Q: What’s your educational and employment background?

What I bring to this in terms of my background is a lot of building experience and a lot of looking at building situations and how do you resolve the logistics of that and come up with a quality solution. I apprenticed as a carpenter. At the age of 18 I started building stuff and was into architecture and buildings already in high school… drafting and all that. I loved architecture and I loved building stuff, and I finished my carpentry apprenticeship and studied architecture. I did a couple of degrees in architecture, went to Berkley, and I studied the Inuit of the Canadian Arctic when I was there and was developing sustainable building systems with the cooperation of some communities in the central Arctic. That was my thesis work. And CMHC, Canada Mortgage and Housing Corporation, funded that. Since then I’ve worked in Tanzania, Africa, and Indonesia in resettlement type of work. I bring about five years of experience in resettlement work and re-establishing people in their homes. So I combine the architectural training that I’ve had and my hands-on construction experience, and that seems to bring a whole solution. We hope that it continues to work.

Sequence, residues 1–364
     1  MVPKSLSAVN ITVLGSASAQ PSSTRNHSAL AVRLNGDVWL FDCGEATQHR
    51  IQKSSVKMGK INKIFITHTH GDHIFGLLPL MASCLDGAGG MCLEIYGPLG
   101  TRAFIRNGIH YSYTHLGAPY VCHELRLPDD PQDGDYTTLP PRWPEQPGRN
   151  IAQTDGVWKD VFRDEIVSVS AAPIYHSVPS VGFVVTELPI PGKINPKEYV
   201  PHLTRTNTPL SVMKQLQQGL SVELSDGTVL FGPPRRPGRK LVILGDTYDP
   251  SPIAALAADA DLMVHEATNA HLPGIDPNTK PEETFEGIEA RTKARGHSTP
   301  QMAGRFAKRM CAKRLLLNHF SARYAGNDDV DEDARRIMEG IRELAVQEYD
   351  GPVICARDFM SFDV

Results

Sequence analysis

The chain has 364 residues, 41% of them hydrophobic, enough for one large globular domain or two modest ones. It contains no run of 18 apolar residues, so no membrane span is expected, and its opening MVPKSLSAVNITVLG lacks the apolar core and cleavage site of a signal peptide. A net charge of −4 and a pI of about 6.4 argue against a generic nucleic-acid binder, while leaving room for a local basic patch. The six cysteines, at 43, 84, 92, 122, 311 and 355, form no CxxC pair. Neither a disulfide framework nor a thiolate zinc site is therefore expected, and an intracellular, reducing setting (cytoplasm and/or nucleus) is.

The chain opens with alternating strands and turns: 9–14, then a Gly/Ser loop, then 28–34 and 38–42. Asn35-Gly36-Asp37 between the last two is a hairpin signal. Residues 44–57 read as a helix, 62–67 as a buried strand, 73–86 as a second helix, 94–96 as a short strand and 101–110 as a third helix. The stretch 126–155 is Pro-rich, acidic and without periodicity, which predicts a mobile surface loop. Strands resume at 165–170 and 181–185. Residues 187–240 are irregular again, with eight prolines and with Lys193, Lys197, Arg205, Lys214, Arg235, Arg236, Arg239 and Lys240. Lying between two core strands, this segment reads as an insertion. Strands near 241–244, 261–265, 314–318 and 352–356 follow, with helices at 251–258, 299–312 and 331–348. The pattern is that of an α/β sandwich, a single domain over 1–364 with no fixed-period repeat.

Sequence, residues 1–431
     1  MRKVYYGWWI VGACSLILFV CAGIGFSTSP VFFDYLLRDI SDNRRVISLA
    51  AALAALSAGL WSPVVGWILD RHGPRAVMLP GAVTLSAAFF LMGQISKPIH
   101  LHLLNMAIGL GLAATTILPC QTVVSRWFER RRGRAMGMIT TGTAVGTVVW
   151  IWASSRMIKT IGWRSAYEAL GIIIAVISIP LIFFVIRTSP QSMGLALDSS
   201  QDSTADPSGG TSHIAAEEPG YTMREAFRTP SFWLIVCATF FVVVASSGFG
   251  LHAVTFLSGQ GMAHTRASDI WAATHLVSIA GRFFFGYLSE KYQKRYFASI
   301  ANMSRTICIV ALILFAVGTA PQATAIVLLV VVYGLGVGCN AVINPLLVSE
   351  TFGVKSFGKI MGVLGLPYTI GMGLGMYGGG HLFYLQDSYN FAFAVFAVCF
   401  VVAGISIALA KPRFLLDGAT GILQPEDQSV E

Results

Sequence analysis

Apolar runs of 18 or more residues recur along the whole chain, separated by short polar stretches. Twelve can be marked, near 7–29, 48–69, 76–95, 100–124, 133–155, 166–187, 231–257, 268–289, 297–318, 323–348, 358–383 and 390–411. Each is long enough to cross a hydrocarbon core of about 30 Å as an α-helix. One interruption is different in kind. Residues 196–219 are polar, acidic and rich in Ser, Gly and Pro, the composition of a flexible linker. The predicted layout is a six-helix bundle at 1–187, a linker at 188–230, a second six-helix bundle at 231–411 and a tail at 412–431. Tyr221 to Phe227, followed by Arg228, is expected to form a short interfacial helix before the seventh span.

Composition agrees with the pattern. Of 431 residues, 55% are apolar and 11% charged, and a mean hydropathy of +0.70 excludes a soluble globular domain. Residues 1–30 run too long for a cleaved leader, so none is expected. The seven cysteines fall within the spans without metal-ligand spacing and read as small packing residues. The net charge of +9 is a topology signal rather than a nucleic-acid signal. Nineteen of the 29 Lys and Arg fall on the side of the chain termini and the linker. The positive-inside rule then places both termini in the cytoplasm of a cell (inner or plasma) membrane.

Q: You find your building experience has been useful?

People trust you a lot more when you know how to do what you’re asking someone to do. And if you can do everything, then they can’t really argue (laughing)… with that. And you’re more likely to make a solid decision. I still make mistakes and I’ve made a few on this project, and hopefully we can get back on track. But nothing major yet. And there’s so many variables you can’t hit everything, but you’re better equipped if you know everything. That’s always been my philosophy – knowing as much as you can and don’t reject knowledge. Or experience.

Q: Do you have family back in Canada?